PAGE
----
In the case above, the probability of the employee continuing in the retirement plan if he is already enrolled is much greater if he had to decide to participate or not. And by doing so, the company achieves its goal.

Another action was in the UK, where the government sent letters asking for defaulting citizens to pay their taxes.

The most effective approach was the one that cited the fact that most people pay their taxes on time. In this way, the person would understand that being negligent is to be part of the minority, which people do not want.

For Econs, such approaches would make no difference.

This field of study, after the publication of Thaler, is growing more and more. In this way, new public policies can arise to optimize and improve the society's quality of life.

Have you noticed how you are being influenced all the time, even without realizing it? Now that you are within the concepts of Richard Thaler, it is possible to be more aware of the practices that have been practiced!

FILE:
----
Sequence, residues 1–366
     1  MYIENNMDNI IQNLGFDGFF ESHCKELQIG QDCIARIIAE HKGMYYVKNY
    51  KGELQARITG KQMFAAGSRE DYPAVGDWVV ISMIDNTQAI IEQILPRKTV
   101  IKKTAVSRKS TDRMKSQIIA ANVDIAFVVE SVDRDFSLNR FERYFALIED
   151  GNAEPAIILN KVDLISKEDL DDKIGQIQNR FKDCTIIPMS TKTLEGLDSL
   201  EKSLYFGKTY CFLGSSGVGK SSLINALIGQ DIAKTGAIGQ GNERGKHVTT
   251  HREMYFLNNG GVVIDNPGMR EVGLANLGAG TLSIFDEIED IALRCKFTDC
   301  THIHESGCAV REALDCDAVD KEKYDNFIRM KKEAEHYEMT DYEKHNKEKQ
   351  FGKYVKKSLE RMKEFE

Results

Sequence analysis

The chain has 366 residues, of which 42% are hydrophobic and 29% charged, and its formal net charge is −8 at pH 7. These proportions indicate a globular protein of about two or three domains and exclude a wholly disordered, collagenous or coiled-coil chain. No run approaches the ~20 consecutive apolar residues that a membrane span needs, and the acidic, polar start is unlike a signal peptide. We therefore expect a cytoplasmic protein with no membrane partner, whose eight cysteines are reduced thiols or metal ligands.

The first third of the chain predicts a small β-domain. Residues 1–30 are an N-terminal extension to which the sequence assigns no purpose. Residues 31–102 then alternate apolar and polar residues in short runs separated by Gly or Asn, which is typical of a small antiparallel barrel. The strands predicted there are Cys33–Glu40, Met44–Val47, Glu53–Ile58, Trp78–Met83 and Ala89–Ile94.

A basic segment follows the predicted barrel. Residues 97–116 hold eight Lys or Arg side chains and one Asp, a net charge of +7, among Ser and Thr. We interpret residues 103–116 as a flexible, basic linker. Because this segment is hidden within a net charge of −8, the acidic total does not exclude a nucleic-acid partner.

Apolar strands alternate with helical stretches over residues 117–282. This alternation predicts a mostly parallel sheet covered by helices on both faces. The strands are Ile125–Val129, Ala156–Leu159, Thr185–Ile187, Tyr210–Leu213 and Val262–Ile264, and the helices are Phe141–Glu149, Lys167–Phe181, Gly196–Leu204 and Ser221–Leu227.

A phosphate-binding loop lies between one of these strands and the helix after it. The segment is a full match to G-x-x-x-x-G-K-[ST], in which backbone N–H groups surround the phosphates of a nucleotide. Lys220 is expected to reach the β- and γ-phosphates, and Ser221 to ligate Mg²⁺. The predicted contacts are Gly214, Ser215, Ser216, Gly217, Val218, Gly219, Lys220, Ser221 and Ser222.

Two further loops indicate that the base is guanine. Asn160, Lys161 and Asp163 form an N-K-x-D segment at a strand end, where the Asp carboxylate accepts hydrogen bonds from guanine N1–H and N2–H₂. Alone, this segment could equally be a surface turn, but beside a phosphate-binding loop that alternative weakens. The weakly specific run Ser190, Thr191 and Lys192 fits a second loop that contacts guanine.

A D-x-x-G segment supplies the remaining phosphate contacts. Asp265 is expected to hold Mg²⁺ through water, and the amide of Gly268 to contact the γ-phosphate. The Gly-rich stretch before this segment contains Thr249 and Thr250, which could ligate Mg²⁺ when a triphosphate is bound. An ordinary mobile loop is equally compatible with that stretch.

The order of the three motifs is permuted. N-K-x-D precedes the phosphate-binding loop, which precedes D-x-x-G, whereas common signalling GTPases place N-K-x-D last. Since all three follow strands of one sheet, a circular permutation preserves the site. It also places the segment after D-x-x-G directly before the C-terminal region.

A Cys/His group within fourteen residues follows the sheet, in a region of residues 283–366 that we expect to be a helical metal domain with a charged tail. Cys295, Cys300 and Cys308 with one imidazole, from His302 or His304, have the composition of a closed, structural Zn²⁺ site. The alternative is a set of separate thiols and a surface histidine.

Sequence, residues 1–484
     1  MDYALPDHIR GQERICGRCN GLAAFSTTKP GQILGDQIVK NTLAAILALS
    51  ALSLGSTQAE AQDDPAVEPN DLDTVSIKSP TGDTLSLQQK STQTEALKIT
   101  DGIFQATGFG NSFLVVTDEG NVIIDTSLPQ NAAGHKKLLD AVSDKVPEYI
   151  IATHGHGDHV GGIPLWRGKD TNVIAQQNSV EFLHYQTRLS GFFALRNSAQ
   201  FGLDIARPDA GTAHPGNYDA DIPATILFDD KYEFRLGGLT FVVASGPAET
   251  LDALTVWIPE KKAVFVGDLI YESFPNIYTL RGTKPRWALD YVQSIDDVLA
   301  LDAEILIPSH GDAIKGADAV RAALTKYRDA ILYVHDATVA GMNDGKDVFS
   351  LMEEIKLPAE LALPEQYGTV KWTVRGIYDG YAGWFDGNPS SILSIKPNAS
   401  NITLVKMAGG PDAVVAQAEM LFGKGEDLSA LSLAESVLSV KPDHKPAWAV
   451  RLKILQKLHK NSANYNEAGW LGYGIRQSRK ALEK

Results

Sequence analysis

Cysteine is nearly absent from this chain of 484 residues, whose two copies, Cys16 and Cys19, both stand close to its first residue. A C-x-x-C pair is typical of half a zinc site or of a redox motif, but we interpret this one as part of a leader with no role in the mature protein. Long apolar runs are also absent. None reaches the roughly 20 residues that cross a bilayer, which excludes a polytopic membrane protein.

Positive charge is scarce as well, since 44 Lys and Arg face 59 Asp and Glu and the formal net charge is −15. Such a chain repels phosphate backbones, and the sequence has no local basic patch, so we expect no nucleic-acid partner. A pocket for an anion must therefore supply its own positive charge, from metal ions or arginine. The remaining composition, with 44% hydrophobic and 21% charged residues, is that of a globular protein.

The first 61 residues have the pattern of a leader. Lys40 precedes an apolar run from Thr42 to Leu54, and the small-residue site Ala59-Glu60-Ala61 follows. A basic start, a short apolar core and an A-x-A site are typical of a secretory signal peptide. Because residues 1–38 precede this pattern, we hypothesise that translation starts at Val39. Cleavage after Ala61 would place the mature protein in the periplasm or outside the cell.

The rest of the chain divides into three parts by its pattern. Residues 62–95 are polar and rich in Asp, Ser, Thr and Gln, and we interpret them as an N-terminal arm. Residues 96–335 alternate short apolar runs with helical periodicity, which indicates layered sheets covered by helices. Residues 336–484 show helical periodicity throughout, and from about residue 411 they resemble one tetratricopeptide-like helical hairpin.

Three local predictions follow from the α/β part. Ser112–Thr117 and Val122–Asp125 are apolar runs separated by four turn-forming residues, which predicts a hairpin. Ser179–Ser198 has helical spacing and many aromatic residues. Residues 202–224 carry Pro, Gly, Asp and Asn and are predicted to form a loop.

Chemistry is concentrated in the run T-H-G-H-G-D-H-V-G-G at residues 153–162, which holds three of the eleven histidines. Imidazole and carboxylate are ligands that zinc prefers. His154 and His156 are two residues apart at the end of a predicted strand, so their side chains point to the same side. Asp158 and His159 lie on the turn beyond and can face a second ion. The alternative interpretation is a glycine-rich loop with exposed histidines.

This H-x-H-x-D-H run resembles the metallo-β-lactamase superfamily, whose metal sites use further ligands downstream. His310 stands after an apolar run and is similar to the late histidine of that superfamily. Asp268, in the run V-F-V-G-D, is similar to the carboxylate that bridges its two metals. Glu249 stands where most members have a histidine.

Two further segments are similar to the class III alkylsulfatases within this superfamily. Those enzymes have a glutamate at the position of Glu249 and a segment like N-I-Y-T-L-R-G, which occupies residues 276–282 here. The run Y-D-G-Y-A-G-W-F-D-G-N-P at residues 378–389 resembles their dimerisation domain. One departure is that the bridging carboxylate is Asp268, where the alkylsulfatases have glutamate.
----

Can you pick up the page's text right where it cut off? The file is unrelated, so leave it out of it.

What do other authors say about it?

In the book "Buyology", Martin Lindstrom seeks to bring an innovative vision on marketing. In addition, he addresses several findings about human behavior studies at times of purchasing decisions, explaining the concept of neuromarketing.

In "Enrichment Factor", author Paulo Vieira explains that true wealth is matched by "Being, Do and Have". In order to help you, the book has questionnaires, questions and examples, so that you learn how to use your money.

Finally, in the book "Thinking Fast and Slow", Daniel Kahneman, who also won the Nobel Prize in Economics, provides information on how the brain works at the time of decision. He approaches that there are two ways to decide something. The quick and emotional way and the slow and rational way.

Okay, but how can I apply this to my life?

After reading this PocketBook, it is important to note that you should:

  • Be aware that you are influenced all the time;
  • Understand that you act impulsively and irrationally at times of buying decisions;
  • Draw control strategies so you can analyze in advance what you need or what you don't need;
  • Analyze the market approach and how you can behave in front of them, so you are not so easily influenced.

Did you like this summary of the book "Misbehaving"?

We hope you enjoyed our summary and are able to apply the teachings of the author, Richard Thaler, to your life. Leave your opinion in the comments, your feedback is very important to us!

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Book “Misbehaving”